Economic Growth and the Production Possibilities Curve
The increase in supplies of resources, the improvements in resource quality, and the technological advances that
occur in a dynamic economy move the production possibilities curve outward and to the right, allowing the
economy to have larger quantities of both types of goods.

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Present Choices and Future Locations of a Production Possibilities Curve
A nation's current choice favouring ―present goods,‖ as made by Presentville in part (a), will cause a modest
outward shift of the curve in the future. A nation's current choice favouring ―future goods,‖ as made by
Futureville in part (b), will result in a greater outward shift of the curve in the future.
CHAPTER FOUR: INTRODUCTION TO MACROECONOMICS
Macroeconomics studies long-run economic growth and short-run economic fluctuations.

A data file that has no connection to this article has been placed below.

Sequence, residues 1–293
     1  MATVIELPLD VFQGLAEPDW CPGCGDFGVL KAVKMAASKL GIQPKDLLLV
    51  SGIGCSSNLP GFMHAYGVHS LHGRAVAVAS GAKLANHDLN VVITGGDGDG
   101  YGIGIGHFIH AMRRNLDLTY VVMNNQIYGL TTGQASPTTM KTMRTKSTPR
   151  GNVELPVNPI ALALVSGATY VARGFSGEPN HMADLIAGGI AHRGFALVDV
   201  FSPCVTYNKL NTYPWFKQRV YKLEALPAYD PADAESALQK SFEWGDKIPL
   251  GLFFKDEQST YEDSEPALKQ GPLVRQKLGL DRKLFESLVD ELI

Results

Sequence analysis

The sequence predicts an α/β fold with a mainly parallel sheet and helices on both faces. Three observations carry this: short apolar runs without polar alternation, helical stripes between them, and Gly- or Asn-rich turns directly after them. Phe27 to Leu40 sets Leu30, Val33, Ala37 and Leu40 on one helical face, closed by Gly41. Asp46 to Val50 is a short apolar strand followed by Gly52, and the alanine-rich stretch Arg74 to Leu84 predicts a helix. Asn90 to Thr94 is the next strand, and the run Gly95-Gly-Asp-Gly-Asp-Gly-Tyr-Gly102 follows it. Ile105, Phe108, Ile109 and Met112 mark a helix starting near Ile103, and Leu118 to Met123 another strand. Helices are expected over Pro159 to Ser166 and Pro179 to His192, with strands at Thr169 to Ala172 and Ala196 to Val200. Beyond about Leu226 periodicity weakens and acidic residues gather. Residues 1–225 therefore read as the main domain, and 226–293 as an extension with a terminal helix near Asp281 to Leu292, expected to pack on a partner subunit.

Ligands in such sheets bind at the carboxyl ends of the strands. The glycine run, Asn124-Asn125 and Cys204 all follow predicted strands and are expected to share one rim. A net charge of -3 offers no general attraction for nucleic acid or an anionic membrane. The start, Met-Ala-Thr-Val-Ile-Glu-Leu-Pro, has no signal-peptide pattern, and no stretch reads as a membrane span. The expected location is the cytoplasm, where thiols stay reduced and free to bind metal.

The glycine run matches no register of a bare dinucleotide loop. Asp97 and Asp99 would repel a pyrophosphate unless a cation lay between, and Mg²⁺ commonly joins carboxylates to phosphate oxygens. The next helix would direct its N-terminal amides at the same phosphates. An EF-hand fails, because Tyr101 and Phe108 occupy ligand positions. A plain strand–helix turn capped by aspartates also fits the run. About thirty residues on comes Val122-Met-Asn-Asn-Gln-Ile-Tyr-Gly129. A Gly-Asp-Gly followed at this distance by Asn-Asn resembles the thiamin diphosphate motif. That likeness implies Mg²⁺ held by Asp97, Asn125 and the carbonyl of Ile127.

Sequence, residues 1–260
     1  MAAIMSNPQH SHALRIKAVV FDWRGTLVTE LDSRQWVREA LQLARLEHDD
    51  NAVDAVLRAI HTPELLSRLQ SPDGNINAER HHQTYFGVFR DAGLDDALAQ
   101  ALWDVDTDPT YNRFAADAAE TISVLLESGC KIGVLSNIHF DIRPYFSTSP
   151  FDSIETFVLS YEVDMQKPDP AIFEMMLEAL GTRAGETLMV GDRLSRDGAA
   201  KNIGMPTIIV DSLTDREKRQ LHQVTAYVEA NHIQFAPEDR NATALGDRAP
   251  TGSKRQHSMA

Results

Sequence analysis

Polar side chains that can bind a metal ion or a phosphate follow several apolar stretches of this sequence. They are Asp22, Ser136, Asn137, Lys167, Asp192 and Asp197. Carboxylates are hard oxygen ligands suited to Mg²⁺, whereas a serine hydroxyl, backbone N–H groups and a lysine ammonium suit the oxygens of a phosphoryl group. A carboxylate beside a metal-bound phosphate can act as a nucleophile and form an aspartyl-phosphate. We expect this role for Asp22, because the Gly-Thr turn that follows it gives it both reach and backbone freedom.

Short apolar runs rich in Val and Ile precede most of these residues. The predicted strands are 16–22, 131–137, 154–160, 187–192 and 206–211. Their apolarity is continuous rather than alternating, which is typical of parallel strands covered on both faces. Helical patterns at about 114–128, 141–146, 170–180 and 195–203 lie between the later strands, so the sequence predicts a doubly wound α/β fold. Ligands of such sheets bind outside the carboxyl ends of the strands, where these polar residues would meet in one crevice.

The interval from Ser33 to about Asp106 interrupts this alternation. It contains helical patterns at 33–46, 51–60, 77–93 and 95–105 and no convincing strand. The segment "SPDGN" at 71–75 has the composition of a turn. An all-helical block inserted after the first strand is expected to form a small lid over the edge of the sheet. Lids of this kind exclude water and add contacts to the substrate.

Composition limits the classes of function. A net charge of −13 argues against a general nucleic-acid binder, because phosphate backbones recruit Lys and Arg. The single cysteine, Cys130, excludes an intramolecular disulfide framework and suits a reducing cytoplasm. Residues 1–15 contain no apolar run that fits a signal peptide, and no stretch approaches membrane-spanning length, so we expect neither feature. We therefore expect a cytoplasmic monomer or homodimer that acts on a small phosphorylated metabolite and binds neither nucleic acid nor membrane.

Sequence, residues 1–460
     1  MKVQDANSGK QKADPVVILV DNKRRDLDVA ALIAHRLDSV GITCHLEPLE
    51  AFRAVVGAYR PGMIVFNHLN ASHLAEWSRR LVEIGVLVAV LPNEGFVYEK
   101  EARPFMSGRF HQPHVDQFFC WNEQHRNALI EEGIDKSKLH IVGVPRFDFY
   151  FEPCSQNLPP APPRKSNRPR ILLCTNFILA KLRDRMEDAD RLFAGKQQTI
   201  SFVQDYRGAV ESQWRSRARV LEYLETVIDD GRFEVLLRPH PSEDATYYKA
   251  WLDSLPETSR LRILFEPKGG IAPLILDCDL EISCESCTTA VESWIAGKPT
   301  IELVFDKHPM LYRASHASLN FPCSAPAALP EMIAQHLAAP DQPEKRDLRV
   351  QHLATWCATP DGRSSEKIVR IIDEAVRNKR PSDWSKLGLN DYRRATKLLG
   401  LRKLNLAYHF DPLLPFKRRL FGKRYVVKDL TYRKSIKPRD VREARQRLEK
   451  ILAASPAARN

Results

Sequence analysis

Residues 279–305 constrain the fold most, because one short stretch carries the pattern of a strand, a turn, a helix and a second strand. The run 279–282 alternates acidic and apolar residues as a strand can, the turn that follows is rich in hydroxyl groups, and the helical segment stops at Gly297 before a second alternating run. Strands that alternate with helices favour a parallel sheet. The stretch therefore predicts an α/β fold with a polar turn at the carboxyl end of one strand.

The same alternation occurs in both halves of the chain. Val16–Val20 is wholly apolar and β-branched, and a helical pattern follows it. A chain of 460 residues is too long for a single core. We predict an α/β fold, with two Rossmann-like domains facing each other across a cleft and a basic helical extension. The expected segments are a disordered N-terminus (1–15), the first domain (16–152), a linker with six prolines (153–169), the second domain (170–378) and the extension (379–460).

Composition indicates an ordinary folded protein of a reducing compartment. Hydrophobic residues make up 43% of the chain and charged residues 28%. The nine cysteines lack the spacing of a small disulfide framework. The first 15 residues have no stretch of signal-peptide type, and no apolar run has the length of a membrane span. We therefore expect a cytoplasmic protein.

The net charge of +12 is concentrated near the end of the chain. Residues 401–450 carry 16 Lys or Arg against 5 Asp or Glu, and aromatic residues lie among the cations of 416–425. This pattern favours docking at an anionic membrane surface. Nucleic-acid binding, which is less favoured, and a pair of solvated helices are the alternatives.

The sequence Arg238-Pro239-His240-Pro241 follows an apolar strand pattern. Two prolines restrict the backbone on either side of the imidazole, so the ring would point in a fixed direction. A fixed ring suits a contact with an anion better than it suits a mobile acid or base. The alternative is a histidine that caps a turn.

Macroeconomists focus their attention on three key economic statistics: GDP, unemployment, and
inflation. GDP is the dollar amount of all final goods and services produced in a country during a given
period of time. The unemployment rate measures the percentage of all workers who are not able to find
paid employment despite being willing and able to work. The inflation rate measures the extent to which
the overall price level is rising in the economy.
Before the Industrial Revolution, living standards did not show any sustained increases over time.
Economies grew, but any increase in output tended to be offset by an equally large increase in
population, so that the amount of output per person did not rise. By contrast, since the Industrial
Revolution began in the late 1700s, many nations have experienced modern economic growth in which